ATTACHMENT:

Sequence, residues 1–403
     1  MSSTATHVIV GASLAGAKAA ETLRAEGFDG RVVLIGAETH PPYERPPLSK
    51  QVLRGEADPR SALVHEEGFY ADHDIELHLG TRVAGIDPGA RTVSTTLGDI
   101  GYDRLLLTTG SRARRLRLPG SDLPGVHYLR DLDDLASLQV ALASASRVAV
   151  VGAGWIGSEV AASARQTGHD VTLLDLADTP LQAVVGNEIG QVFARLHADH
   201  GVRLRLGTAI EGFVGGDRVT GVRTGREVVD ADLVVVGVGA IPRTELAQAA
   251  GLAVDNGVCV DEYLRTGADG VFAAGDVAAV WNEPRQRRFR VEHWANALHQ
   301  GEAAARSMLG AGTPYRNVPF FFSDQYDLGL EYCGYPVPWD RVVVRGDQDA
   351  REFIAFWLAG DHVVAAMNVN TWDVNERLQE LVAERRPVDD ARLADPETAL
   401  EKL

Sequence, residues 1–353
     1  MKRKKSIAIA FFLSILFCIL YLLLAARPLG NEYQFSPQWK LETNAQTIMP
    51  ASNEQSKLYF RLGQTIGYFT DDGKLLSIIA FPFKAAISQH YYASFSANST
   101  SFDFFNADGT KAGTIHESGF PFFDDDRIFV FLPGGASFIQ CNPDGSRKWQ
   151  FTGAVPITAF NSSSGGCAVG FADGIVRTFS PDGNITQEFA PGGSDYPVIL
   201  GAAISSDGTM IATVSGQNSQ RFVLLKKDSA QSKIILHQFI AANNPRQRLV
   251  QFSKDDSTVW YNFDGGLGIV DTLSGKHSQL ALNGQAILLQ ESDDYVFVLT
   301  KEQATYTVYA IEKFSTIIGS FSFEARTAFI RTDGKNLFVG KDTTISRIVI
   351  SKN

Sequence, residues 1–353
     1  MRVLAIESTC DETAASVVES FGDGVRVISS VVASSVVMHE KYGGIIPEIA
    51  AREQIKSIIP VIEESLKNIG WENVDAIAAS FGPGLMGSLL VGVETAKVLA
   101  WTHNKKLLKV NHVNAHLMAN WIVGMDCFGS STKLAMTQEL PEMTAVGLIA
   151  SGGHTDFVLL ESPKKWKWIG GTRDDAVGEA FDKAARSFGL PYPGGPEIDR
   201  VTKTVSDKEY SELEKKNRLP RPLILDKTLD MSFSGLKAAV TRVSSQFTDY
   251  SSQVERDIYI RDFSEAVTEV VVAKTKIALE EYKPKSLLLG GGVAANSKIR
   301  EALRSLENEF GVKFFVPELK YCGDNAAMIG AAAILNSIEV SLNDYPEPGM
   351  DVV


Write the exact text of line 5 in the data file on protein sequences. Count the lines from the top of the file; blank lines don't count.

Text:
   151  VGAGWIGSEV AASARQTGHD VTLLDLADTP LQAVVGNEIG QVFARLHADH